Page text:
A new and improved tree of life brings some surprising results

In a recent article, published in the journal Nature Microbiology, a group of researchers from UC Berkeley, in collaboration with other universities and institutes, proposed a new version of the tree of life, which dramatically changes our view of the relationships between the species inhabiting planet Earth.

Many depictions of the tree of life tend to focus on the enormous and well known diversity of eukaryotes, a group of organisms composed of complex cells that includes all animals, plants and fungi.

This version of the tree of life, now published, uses metagenomics analysis of genomic data from many organisms little known before, together with published sequences of genomic data, to infer a significantly different version of the tree of life. This new view reveals the dominance of bacterial diversification.  A full scale version of the proposed tree of life enables you to find our own ancestors, in the extreme bottom right of the figure, the Opisthokont group of organisms. The Opisthokonts include both the animal and fungus kingdoms,  together with other eukaryotic microorganisms. Opisthokont flagelate cells, such as the sperm of most animals and the spores of the chytrid fungi, propel themselves using a single posterior flagellum, a feature that gives the group its name. At the level of resolution used in the study, humans and mushrooms are so close that they cannot be told apart.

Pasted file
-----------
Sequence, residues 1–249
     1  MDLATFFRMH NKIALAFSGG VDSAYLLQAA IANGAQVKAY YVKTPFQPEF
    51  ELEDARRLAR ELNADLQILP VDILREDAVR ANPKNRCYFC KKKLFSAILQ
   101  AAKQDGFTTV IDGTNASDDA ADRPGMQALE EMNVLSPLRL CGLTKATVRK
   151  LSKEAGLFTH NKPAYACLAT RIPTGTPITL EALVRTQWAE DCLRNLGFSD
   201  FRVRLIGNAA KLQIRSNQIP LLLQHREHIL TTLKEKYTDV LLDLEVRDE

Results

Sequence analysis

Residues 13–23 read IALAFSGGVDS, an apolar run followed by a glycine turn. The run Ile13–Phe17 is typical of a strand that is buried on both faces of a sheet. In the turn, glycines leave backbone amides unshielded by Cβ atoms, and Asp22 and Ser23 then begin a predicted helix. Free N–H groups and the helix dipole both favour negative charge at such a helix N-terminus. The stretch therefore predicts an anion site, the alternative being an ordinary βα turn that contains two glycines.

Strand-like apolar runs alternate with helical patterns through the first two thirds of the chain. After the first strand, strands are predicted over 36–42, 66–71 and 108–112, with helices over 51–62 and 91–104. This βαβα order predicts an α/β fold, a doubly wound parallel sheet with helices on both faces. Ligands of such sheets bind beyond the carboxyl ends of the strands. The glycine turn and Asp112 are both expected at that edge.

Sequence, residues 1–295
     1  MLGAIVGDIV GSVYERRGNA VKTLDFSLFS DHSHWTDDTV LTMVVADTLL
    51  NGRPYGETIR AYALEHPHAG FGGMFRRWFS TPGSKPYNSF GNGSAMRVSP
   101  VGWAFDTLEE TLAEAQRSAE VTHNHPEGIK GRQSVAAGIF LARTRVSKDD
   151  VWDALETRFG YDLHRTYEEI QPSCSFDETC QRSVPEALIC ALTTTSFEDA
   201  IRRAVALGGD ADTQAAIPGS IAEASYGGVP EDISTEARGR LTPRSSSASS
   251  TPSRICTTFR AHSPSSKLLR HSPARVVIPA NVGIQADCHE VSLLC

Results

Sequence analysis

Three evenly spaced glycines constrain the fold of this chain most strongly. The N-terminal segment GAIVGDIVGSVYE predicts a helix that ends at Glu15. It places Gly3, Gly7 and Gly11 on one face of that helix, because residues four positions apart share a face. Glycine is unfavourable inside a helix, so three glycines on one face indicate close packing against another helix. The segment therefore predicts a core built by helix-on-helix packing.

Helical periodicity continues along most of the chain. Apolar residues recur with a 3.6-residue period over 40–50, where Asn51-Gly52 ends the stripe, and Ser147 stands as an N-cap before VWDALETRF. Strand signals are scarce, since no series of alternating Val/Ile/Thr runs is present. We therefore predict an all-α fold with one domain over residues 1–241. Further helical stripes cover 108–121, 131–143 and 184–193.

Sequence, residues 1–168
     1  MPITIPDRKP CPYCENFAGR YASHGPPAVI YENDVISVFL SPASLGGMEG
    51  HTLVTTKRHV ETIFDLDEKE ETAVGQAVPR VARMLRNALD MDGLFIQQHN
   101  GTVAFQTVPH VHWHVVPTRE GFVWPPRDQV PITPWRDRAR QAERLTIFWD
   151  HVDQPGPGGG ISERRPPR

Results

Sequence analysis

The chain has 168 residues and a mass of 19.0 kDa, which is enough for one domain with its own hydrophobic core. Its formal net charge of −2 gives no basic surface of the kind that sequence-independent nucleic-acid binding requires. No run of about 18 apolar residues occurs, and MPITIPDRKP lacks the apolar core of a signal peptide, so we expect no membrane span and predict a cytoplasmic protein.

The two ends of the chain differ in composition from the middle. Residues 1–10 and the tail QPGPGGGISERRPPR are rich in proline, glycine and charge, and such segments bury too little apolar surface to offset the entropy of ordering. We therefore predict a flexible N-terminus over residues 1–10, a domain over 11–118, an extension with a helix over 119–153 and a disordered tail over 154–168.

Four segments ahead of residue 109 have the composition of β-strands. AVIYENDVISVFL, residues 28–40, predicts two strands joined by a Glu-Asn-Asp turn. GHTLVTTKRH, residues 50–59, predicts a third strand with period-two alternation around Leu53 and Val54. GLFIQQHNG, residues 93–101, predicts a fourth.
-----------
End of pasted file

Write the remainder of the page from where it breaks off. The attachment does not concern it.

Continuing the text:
11TREEOFLIFE-superJumbo

This version of the tree of life maintains the three great trunks that Carl Woese and his colleagues published in the first “universal tree of life”, in the seventies.

Our own trunk, known as eukaryotes, includes animals, plants, fungi and protozoans. A second trunk included many familiar bacteria like Escherichia coli. The third trunk, the Archaea, includes little-known microbes that live in extreme places like hot springs and oxygen-free wetlands.

675px-PhylogeneticTree,_Woese_1990

 

However, this more extensive and detailed analysis, based on extensive genomic data, provides a more global view of the evolutionary process that has shaped life on Earth for the last four billion years.

Images from the article in Nature Microbiology, by Hug et. al., and the work of Woese et al.

 

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